Tara Lachapelle is a Bloomberg Gadfly columnist covering deals. She previously wrote an M&A column for Bloomberg News.

Rani Molla is a Bloomberg Gadfly columnist using data visualizations to cover corporations and markets. She previously worked for the Wall Street Journal.

We're calling it: 2017 is going to be the year of media and wireless megamergers.

Randall Stephenson, the head of AT&T Inc. and soon-to-be media mogul, kicked things off in October with a $108.7 billion deal (including debt) for HBO owner Time Warner Inc. It marks the beginning of a new phase of conglomerate-building that could even rope in tech titans Apple Inc. and Netflix Inc.

merger wheel Dec 2016-01

The belle of the ball will be T-Mobile US Inc., which everyone from Charlie Ergen's Dish Network Corp. to Masayoshi Son's Sprint Corp. may be dying to get their hands on. Others to watch include Comcast Corp. as well as Sumner and Shari Redstone's CBS Corp., which this month abruptly canceled talks to recombine with Viacom Inc., stirring speculation there may be better offers out there.

As is often the case with the largest transactions, the sure winners will be the bankers who get to pocket billions in fees, whereas for shareholders (and consumers), the transaction benefits may be tougher to prove out. Some of the potential hunters -- such as Charter Communications Inc. and Sprint Corp. -- already have a ton of debt, a setback at a time when acquisition targets are commanding steep prices. For example, if T-Mobile becomes the subject of a bidding war, that may put a transaction beyond Sprint's reach.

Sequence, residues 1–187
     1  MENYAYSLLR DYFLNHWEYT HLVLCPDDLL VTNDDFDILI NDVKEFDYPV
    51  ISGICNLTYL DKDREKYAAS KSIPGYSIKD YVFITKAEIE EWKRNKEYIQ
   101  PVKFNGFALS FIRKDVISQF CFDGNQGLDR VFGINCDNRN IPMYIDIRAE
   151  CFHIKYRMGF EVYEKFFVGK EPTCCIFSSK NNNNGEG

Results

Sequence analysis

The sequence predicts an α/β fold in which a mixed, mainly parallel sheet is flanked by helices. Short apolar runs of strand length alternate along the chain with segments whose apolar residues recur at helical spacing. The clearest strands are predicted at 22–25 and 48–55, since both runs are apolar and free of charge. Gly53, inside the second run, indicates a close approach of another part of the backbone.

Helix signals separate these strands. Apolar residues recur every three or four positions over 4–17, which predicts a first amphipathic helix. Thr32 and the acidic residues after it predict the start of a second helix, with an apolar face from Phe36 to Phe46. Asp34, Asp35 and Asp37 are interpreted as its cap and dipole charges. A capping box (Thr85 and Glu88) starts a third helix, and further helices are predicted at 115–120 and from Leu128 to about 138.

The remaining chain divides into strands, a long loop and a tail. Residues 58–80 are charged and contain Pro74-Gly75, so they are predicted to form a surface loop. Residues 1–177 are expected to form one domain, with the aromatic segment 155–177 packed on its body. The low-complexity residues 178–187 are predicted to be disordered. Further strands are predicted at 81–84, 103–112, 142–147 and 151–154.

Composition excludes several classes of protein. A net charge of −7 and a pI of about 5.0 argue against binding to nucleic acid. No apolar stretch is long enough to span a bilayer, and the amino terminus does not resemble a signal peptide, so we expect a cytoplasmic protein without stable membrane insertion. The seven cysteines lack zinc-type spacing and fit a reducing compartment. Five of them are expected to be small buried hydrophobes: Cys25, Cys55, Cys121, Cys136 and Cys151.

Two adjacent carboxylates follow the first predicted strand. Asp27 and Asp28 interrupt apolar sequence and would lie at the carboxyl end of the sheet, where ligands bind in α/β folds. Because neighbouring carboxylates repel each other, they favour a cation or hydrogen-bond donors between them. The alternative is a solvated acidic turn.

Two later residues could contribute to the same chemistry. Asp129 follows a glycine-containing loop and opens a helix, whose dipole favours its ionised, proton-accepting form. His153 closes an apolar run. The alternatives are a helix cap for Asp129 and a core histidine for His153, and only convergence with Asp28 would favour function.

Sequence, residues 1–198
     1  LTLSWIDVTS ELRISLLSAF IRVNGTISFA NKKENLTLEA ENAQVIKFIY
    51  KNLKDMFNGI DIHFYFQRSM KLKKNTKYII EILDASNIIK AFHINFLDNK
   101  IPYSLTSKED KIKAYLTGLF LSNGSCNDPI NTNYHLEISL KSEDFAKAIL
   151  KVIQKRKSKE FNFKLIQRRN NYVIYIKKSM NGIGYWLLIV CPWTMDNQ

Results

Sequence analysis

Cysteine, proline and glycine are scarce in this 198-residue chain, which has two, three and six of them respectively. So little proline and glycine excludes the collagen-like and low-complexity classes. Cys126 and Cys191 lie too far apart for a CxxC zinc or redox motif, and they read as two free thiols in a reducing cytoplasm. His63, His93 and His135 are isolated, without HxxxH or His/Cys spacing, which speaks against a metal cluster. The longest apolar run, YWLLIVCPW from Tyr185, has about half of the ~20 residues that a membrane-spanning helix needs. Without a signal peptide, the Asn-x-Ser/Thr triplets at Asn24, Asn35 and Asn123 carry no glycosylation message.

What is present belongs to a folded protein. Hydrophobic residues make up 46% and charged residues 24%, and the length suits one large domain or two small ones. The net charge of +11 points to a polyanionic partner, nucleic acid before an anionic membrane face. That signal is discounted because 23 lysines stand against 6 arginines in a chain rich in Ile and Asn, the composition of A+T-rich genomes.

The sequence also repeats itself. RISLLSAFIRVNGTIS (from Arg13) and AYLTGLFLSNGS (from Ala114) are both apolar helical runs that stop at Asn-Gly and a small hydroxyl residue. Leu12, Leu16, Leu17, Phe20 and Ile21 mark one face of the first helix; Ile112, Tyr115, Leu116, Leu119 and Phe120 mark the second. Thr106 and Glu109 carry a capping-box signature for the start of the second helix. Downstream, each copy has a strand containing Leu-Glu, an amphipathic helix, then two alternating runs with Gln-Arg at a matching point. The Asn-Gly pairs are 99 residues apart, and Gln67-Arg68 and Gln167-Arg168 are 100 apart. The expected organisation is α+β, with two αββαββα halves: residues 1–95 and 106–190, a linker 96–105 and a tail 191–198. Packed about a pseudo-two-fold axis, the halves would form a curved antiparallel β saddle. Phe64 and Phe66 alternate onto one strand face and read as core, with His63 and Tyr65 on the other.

Here's some back-of-the-envelope math that could throw a wrench in hopeful dealmakers' plans:

Time to Get Creative
Investors may be excited over the prospect of more media megamergers that will enhance negotiating power and growth prospects. But in many cases, making the numbers work won't be easy. Here are some hypothetical deal scenarios using a typical 30% takeover premium:
Source: Bloomberg's merger calculator

That said, you can probably count on bankers to find a way to grease that merger wheel, making certain transactions palatable enough to boards and shareholders even if they stretch balance sheets or don't promise immediate accretion.

So get ready for a busy 2017 because just about everyone's in play...well, except for maybe Twitter Inc. Sorry, Twitter, but you're still spinning your wheels. 

This column does not necessarily reflect the opinion of Bloomberg LP and its owners.

To contact the authors of this story:
Tara Lachapelle in New York at
Rani Molla in New York at

To contact the editor responsible for this story:
Beth Williams at